Owners corporations are in charge of $300 million of Melbourne property and $1 billion in annual transactions in this state alone, according to the Real Estate Institute of Victoria (REIV). That's why it's so alarming to hear horror stories about the mismanagement of funds, and overpayment from residents.
The vast majority of owners corporations run smoothly and can be trusted entirely. However, in an effort to further improve the standard in Melbourne and surrounding areas, the state government is undertaking a comprehensive review of the Owners' Corporation Act.
Here's what you need to know.
What does the review focus on?
The consumer property law review is a comprehensive analysis of four pieces of property legislation in Victoria. The review of the Owners's Corporation act will focus on the following:
- The appropriate length of management contracts;
- Unfair terms in management contracts;
- Managers' fees;
- Managers' conflicts of interest;
- Managers' conduct;
- Managers' record keeping; and
- Unsuitable managers.
As you can see, there's a clear focus on improving the quality and reliability of the managers in charge of buildings. The REIV has contributed to discussion, suggesting improvements to professionalism within the industry by reforming licensing requirements and training standards.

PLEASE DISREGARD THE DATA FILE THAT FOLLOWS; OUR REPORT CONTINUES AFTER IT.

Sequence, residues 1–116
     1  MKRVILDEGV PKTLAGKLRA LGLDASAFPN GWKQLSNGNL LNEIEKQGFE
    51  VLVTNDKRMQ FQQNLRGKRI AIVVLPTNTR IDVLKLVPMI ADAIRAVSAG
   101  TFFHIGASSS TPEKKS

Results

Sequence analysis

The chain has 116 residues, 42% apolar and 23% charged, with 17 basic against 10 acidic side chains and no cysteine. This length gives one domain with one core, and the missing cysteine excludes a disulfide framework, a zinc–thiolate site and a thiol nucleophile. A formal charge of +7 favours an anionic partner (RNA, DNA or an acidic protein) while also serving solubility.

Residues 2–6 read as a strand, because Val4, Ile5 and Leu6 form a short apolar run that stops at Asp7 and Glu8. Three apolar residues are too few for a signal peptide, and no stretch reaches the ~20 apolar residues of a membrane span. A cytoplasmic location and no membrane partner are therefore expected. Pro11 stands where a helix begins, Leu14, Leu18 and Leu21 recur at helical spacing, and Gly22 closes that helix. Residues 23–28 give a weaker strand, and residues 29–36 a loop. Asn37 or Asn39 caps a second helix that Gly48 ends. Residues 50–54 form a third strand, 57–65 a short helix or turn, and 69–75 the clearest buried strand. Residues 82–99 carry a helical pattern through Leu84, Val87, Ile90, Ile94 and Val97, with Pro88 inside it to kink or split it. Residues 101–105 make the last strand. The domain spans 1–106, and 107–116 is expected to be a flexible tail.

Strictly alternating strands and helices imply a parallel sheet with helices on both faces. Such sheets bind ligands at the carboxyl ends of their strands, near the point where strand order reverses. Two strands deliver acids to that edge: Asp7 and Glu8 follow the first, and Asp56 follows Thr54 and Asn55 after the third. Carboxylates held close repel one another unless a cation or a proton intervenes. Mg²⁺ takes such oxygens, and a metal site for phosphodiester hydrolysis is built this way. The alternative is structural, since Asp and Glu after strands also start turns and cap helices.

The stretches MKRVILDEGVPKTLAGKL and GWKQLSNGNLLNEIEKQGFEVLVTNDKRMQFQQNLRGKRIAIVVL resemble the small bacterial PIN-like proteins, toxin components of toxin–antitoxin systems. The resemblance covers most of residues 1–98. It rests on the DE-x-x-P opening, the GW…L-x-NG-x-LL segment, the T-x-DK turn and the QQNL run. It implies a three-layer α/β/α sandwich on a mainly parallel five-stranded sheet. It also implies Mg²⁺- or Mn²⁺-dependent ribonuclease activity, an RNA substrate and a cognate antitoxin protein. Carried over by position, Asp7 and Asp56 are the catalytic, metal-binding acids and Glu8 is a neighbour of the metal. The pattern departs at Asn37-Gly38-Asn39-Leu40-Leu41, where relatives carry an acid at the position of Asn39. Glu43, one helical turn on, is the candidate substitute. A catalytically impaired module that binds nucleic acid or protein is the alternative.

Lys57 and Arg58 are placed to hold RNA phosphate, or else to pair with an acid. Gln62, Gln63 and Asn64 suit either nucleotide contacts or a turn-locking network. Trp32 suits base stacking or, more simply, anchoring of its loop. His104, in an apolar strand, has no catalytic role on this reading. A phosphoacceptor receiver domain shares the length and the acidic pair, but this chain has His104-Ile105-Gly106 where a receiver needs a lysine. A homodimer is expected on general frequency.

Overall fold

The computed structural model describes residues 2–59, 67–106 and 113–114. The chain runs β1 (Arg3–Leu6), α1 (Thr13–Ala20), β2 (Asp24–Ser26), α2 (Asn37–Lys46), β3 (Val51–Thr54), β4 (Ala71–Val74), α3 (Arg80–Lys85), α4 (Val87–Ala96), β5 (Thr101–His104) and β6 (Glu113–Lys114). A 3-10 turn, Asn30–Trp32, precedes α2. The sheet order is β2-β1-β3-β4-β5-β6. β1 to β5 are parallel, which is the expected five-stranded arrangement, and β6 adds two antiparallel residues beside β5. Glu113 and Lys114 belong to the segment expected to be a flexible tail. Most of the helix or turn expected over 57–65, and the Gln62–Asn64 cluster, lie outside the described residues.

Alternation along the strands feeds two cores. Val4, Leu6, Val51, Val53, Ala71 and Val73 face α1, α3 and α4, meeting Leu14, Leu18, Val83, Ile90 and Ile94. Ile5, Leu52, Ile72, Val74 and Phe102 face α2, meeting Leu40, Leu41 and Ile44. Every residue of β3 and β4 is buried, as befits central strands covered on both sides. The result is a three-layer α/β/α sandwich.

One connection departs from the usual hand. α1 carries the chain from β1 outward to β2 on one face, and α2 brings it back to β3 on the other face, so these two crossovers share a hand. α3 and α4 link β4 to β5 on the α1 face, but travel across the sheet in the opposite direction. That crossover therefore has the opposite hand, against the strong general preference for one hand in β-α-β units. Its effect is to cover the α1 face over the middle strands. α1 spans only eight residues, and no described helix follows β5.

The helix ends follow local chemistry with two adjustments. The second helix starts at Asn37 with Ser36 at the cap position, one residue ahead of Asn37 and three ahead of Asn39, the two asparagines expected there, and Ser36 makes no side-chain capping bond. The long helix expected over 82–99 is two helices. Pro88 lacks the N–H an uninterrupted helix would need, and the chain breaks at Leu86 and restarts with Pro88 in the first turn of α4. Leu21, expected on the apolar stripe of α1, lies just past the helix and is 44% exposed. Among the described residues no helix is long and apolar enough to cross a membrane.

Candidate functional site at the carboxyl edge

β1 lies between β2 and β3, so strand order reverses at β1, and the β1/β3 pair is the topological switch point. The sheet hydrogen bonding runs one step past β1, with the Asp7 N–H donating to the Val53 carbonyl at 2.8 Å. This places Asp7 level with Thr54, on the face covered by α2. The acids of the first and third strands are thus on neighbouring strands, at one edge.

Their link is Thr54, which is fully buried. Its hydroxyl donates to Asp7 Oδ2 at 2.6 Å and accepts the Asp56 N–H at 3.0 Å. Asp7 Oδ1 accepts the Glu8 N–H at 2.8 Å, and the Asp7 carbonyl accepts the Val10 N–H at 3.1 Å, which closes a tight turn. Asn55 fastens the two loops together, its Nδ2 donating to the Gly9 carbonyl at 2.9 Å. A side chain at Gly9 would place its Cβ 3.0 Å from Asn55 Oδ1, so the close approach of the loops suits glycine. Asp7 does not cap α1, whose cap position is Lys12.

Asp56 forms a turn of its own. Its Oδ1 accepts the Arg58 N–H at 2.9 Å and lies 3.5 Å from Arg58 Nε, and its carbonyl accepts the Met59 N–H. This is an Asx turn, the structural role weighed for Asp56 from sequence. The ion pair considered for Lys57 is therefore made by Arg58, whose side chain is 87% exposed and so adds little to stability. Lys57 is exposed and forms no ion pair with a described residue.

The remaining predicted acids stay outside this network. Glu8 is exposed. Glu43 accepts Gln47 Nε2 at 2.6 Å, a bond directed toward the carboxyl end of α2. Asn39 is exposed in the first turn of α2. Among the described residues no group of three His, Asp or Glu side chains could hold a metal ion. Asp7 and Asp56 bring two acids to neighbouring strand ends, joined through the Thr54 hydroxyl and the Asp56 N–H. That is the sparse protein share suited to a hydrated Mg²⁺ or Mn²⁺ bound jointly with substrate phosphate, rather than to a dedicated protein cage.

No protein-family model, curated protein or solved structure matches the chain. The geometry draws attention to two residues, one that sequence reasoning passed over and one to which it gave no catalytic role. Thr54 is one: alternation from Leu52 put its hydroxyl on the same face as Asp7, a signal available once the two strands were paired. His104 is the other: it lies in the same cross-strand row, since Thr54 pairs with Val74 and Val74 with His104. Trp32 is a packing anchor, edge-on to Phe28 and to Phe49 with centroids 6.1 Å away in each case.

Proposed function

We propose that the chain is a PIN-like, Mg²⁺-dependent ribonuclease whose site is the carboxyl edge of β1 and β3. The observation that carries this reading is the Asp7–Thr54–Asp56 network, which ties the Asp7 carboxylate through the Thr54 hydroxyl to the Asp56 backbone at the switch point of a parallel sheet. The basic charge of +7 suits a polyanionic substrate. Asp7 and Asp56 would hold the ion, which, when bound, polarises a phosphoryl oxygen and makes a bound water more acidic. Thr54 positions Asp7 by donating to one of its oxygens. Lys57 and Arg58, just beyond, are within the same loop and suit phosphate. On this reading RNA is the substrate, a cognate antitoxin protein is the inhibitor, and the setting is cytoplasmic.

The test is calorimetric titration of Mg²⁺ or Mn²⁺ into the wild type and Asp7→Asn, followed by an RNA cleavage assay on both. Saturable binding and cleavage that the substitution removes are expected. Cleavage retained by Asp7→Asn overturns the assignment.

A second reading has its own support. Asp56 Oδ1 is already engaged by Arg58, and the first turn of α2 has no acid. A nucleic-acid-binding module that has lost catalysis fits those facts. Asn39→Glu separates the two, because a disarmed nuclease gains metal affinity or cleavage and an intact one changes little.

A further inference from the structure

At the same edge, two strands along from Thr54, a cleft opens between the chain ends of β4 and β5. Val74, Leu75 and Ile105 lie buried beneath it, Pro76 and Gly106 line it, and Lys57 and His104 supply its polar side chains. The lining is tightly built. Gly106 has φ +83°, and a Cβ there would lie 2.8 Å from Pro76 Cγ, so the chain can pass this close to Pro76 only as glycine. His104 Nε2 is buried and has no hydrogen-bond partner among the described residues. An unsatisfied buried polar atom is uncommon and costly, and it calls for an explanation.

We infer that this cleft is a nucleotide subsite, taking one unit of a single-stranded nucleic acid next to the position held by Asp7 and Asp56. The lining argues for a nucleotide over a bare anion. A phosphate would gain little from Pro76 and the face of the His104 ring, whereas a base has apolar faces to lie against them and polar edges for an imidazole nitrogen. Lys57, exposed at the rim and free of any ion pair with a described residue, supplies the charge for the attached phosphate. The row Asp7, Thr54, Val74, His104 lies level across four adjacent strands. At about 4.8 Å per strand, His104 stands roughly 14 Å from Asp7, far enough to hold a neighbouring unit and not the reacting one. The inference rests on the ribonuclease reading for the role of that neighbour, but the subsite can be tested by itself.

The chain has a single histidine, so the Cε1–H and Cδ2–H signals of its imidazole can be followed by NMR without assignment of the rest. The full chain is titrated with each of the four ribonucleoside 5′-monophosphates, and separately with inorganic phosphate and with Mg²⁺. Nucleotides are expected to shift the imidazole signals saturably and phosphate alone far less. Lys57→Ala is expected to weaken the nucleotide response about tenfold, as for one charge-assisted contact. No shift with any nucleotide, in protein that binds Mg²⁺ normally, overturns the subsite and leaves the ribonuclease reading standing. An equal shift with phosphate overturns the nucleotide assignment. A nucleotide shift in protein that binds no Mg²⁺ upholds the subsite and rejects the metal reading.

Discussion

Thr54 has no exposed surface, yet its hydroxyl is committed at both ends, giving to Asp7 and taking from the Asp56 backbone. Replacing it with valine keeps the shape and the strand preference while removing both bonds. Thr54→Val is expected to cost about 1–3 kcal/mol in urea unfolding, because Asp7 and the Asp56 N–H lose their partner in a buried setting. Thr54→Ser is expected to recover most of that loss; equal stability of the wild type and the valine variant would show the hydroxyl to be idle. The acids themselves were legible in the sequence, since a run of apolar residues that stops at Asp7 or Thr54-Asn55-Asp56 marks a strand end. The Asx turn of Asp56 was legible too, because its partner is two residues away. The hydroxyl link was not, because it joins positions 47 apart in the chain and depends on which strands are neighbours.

They've also pushed for a range of other reforms, which advocate for those in the industry. These include: introducing mandatory maintenance plans for all owners' corporations, regardless of size, improving owners' corporations ability to recover debts and lifting of eligibility requirements for managers – which exclude persons convicted of serious criminal offenses punishable by imprisonment.
What does this mean for you?
These laws will make owners corporations and their managers, more transparent, productive, efficient and accountable.
As the reform is still under review it's impossible to know what the specific details of changes will be. However, it's certain that the way owners corporations are managed will change for the better.
Expect the reform to crack down on overcharging of owners, and put stricter rules on managers to ensure their conduct is always above board.
Overall, these laws should make owners corporations and their managers more transparent, productive, efficient and accountable.
When can we expect results?
Submissions from the public closed on 16 December last year, and the reform is still under review so it's difficult to know when exactly any changes will come into effect. Despite that, if nothing major delays the reforms we can expect them to come into action in the next few years.
Those who live in a Melbourne apartment now, or are considering buying should watch its progress keenly, as their every day lives will no doubt be affected when the laws pass.